Academic journal article Journal of Prenatal & Perinatal Psychology & Health

Counseling Couples in Disagreement about Circumcision: A Jewish Perspective

Academic journal article Journal of Prenatal & Perinatal Psychology & Health

Counseling Couples in Disagreement about Circumcision: A Jewish Perspective

Article excerpt

INTRODUCTION

In countries where circumcision continues to be practiced, expectant parents are often unaware that they have a choice about the circumcision of their children. This is especially true for Jewish couples who are taught that circumcision is required by religious laws. The majority of parents are unaware of the harm of circumcision. Even if parents become educated about the procedure, they may find themselves in disagreement with each other and have difficulty resolving these differences. They need support and time to make this critical decision.

This paper explores why parents might not be educated about circumcision. It gives examples of how educators can provide accurate information and assistance through this confusing and emotional decision-making process.

STATUS OF CIRCUMCISION IN THE UNITED STATES

No national medical association recommends routine neonatal male circumcision, and the United Nations Declaration on the Rights of the Child includes the right to physical integrity. Eighty percent of men in the world are genitally intact, but sixty percent (1,100,000 annually) of newborn males in the United States are subjected to circumcision according to the Health Care Investment Analysts (HCIA, 1999).

During medical training, doctors and midwives receive scant and often inaccurate information about the anatomy and physiology of the foreskin, and they learn to do circumcisions. Many continue to perform this unnecessary cosmetic surgery despite the availability of current data documenting its harm. Most prenatal care providers also receive inadequate information during their training, so they are unable to inform parents about the benefits of allowing their sons to remain intact. Childbirth books, which minimize the dangers and disadvantages of circumcision, leave expectant parents confused, or even convinced that circumcision is desirable.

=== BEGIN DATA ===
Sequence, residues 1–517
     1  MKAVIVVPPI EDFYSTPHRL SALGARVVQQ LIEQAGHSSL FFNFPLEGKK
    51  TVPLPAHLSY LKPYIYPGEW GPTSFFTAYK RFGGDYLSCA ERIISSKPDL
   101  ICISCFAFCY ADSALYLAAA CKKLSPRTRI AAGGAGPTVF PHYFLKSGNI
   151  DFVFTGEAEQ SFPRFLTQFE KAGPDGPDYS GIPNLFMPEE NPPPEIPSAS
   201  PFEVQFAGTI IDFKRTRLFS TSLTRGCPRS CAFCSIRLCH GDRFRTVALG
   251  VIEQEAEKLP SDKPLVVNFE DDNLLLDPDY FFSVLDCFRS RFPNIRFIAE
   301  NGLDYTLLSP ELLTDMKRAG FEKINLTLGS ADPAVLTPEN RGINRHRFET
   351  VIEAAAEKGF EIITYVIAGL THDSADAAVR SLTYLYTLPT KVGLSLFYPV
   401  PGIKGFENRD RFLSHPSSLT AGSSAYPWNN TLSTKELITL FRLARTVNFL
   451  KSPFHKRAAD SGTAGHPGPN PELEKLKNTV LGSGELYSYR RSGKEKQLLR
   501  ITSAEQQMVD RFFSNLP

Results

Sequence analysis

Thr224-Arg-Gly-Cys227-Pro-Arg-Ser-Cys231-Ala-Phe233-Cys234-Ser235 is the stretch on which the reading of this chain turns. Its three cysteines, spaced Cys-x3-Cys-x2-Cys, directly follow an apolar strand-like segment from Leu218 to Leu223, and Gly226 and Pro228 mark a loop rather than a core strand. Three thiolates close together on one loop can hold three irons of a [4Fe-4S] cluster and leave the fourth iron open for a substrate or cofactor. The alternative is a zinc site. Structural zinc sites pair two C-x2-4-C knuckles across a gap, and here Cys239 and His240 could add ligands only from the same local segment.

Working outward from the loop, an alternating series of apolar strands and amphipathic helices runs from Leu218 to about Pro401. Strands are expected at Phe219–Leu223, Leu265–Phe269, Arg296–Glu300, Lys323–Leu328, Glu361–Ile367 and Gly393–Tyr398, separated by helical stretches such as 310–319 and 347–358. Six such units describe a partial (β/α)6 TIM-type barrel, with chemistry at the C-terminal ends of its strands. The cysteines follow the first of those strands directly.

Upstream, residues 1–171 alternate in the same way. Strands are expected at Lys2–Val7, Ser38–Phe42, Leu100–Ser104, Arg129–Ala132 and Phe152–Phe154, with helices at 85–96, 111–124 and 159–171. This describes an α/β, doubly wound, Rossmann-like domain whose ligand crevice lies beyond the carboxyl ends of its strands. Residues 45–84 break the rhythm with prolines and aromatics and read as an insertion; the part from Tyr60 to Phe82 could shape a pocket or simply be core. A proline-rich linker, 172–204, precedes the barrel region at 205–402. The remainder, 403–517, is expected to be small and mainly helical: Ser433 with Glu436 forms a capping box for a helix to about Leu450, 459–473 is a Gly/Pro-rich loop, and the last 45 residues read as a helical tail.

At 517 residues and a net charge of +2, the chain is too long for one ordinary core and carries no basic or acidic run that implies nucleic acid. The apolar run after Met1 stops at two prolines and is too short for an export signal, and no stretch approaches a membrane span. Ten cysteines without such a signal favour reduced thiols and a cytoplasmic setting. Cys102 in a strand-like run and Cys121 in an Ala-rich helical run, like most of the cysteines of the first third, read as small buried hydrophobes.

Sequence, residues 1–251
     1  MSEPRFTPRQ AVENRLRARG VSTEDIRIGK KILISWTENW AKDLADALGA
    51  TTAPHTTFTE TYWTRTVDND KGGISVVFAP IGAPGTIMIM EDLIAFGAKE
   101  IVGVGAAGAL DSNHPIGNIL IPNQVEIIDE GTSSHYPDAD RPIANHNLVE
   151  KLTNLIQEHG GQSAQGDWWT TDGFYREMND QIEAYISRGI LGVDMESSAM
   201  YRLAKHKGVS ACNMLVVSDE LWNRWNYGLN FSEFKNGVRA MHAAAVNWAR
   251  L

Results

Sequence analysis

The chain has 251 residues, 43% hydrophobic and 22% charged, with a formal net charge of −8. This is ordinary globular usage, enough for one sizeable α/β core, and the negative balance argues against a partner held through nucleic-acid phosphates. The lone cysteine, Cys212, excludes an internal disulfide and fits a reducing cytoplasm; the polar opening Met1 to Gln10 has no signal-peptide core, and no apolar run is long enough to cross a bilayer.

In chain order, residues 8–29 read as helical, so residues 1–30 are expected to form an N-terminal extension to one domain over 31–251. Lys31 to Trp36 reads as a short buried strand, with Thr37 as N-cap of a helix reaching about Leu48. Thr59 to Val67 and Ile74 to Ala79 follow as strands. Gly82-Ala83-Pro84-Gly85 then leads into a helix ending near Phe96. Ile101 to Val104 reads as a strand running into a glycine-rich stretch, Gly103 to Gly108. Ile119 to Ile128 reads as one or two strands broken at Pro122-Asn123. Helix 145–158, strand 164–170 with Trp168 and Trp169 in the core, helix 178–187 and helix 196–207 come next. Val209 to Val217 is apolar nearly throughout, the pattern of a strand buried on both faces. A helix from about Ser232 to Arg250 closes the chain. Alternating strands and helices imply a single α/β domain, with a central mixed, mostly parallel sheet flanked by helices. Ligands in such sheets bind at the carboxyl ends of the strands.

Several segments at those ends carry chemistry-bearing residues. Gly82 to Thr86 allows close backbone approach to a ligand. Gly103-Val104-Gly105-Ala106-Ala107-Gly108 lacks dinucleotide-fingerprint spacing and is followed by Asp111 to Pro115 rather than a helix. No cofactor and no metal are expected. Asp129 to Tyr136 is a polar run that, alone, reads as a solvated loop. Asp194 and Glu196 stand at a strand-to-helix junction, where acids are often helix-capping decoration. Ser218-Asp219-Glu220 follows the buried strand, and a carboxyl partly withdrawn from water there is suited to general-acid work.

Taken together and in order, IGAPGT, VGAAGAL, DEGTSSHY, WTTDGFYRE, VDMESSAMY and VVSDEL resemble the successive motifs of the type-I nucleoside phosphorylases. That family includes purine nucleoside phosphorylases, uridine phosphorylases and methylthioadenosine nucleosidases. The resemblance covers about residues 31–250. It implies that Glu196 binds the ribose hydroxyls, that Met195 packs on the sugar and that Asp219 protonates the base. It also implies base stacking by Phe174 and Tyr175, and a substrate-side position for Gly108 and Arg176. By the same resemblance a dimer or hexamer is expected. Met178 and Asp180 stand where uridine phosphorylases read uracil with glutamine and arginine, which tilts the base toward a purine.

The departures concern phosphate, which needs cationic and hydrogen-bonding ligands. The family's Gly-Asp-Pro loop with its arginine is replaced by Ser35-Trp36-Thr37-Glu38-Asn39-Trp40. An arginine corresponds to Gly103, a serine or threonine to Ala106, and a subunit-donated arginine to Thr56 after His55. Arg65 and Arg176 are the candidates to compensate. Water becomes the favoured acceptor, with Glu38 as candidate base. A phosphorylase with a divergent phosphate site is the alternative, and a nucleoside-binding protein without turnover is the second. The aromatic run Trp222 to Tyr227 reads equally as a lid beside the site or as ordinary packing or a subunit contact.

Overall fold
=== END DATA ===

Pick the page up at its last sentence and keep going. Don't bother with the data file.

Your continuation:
The situation does not improve after birth. Nurses and doctors may repeatedly solicit a mother during her hospital stay. A mother who has just given birth in the hospital is vulnerable, and not inclined to investigate the issue. Most parents believe in the expertise of the medical community, and expect doctors to make medical decisions for them, trusting these to be in the best interest of the child. These factors explain how easily new parents can "sign off' on circumcision. After the surgery, parents may be deeply shocked and pained when they see their son's penile wound and realize just what they authorized.

Jewish couples often take for granted that their son will be circumcised. Jews are taught that the bris is an essential life-cycle ceremony and the sign of the Covenant between God and Abraham. A bris is a religious ritual for Jewish boys, which must be done eight days after birth. It is held at the newborn's home or a synagogue. At the bris, a mohel, the Jewish religious circumciser, does the circumcision and recites prayers while family and friends watch. Some Jews opt to have their sons circumcised in the hospital without realizing this does not fulfill the religious requirement.

The Taboo Topic

The topic of circumcision brings discomfort to many people. Men do not want to reflect on the pain, trauma, and loss that were inflicted upon them. Women may not want to be reminded that they allowed it for their sons. Doctors and midwives find it uncomfortable to realize that they have caused harm to newborns. Nurses routinely prepare babies for their circumcisions, while inwardly they may question the procedure.

Although human rights organizations have made tremendous strides in educational outreach for more than twenty years, cultural resistance in the press and medical associations, have kept many people still unaware of their efforts. Thus, uninformed couples rarely discuss the topic before marriage or pregnancy. This silence perpetuates misinformation and thwarts education, so the cycle continues. …

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